In Rob Nixon's superb book Slow Violence and the Environmentalism of the Poor he asserts that there isn't a great anti oil novelmovement the same way there's a great body of anti coalindustrialization literature That might be a fair assertion But then I read Martin Cruz Smith's Nightwing which is not a great novel but is a good pulp novel very interested in American corporate industrial exploitation of the Hopi and Navajo Indians Yes it's a horror novel about hordes of vampire bats a concept that fully embraces the absurdity of pulp horror don't read horror if you want plausibility and realism; the whole point of the genre is often to destroy those boundaries But beyond its basic premise is a study of corporate colonial greed that I really appreciate especially since the Navajo tribe's oil and gas acreage is the second largest the United StatesSmith isn't Hopi or Navajo but he does have Pueblo ancestry which doesn't make him an expert but does underscore the obvious intent to draw attention to injustices done to these tribes I'm not a Native American scholar and not very well read in Native American literature so I can't really comment on his portrait of these tribes and cultures But his intent is commendable and his anger toward the oil industry's exploitation is completely understandable Vampire bats their origins and connections to humans play into that commentary and metaphor of corporate greed and its power to destroy entire peoples The ending makes that rather abundantly clear Thankfully Smith doesn't cast Native Americans as helpless victims but presents a much dynamic story than that The story also excels in being uick and direct it's short and you can rip through it really fast It could probably be even a touch slimmer Given the wretched history of capitalist exploitation of tribal natural resources in the twentieth century see Judy Pasternak's book Yellow Dirt about the corporate and military greed surrounding uranium extraction during the Manhattan Project and the Cold War as well as Donald Fixico's The Invasion of Indian Country in the Twentieth Century for some sobering reading I'd say Smith's book is an appropriate and much needed literary contribution to criticizing America's continued exploitation of Native Americans Perhaps Nixon is right that there isn't a great body of anti oil literature Or maybe Nixon just isn't looking in the right place If high American literature is still largely determined by white American males and it certainly would have been in 1977 when this novel was released then is it much of a surprise that a pulp novel about issues on a Native American reservation would be overlooked? Maybe pulp is where we'll find a solid body of anti oil anti capitalist literature Sure stories like Nightwing aren't masterpieces of literary excellence but there's a democratizing potency to their style that makes them of immense social value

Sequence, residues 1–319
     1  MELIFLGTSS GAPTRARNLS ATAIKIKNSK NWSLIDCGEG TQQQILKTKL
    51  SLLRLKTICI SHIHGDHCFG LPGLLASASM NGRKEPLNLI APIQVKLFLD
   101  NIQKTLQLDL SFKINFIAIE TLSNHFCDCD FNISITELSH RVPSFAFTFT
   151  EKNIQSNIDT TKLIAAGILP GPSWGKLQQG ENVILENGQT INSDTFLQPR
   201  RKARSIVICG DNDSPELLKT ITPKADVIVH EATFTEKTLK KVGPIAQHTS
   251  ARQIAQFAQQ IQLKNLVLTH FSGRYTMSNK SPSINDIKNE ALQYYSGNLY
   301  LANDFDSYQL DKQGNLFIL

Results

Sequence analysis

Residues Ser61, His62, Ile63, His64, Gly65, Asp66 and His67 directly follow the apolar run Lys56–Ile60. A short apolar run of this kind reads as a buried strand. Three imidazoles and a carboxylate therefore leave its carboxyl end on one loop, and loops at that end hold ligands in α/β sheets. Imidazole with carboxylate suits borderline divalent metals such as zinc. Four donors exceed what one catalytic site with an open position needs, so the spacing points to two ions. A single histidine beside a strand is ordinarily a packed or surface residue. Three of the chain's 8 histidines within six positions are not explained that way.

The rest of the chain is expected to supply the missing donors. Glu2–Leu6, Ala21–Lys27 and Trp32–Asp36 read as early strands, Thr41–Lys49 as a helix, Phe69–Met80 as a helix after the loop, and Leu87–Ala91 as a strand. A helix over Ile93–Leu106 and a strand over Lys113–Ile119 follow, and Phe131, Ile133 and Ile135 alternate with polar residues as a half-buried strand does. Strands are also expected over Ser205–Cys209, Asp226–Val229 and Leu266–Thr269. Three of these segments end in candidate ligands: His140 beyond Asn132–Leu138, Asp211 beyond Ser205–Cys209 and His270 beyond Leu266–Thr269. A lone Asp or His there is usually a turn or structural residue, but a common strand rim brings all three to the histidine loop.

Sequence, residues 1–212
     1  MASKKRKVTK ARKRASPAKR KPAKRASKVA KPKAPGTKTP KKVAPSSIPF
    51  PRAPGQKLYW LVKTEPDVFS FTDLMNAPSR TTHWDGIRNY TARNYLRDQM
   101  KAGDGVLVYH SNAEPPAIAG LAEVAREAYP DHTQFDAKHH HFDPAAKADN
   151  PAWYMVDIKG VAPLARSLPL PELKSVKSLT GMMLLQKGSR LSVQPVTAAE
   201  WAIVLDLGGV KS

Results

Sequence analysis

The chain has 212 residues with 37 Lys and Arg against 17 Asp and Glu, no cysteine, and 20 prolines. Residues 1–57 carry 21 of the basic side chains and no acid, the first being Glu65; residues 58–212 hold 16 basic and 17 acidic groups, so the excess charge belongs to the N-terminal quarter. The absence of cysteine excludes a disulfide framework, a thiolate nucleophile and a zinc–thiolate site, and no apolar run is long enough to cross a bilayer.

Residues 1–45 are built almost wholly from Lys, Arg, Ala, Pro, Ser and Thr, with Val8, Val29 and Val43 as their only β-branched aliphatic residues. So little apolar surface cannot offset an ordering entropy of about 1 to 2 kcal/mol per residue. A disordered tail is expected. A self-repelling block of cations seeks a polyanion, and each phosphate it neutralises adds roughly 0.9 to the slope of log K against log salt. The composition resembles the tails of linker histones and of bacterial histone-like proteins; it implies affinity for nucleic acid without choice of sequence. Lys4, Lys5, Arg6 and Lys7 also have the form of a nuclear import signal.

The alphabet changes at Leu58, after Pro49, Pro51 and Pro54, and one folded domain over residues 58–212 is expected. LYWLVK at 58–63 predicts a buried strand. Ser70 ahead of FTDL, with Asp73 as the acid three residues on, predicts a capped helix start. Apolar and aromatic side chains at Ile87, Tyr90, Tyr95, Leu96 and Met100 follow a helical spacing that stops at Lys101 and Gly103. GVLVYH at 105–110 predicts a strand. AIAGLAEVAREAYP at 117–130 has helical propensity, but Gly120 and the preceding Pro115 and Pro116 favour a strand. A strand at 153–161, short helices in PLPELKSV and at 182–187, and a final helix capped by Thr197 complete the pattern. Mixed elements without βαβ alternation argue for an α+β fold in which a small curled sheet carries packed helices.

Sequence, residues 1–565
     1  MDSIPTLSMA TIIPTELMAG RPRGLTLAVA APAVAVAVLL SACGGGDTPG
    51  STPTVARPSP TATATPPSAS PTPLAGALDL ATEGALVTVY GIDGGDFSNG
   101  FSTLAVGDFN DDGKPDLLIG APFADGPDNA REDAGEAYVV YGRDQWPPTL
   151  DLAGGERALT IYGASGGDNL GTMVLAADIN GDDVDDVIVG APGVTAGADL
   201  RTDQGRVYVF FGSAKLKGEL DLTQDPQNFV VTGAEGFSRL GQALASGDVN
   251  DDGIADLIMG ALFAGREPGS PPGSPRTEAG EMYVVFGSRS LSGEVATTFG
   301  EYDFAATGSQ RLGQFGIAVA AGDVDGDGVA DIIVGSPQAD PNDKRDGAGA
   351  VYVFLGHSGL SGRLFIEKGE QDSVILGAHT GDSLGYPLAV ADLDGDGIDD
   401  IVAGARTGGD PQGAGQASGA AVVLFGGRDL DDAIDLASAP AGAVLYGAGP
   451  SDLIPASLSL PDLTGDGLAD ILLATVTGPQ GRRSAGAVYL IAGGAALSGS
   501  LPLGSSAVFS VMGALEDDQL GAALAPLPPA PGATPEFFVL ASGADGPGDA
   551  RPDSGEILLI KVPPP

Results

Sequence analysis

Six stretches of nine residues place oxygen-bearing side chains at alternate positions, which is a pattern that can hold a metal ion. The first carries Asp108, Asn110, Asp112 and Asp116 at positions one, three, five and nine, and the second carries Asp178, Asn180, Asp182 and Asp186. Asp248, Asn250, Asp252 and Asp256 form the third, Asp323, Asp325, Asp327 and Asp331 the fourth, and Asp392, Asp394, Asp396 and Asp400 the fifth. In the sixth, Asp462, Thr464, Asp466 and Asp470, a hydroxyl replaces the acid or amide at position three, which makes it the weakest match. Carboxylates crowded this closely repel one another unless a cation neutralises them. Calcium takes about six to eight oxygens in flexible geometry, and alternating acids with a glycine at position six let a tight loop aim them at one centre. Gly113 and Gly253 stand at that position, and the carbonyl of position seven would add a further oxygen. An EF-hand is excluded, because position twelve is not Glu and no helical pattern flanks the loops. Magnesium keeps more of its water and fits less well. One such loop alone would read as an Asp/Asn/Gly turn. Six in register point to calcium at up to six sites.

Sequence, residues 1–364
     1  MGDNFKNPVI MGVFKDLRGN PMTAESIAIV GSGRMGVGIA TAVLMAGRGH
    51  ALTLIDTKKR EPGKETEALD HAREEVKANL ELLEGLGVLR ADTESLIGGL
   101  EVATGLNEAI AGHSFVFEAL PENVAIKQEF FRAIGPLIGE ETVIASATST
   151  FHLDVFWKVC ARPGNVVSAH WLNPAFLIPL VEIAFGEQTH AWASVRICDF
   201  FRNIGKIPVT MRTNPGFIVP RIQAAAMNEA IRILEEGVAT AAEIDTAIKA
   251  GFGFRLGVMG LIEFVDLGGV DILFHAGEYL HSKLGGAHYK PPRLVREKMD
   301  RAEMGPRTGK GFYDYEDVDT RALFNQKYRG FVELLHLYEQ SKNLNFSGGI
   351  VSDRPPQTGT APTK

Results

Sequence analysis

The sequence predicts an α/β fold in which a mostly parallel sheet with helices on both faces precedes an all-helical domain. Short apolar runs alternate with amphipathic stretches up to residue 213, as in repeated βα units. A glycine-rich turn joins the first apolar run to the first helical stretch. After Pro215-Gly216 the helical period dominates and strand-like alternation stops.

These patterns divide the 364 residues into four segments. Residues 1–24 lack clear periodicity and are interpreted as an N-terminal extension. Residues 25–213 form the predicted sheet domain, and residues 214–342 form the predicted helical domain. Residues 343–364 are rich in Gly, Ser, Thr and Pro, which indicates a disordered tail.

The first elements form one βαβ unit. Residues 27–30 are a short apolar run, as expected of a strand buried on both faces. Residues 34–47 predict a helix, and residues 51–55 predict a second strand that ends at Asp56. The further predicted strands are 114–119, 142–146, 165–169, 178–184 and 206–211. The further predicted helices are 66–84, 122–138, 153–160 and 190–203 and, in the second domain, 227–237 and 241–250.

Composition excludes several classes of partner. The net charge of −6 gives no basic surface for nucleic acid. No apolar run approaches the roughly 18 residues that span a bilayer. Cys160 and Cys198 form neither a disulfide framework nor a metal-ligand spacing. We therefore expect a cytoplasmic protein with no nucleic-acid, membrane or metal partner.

4. says: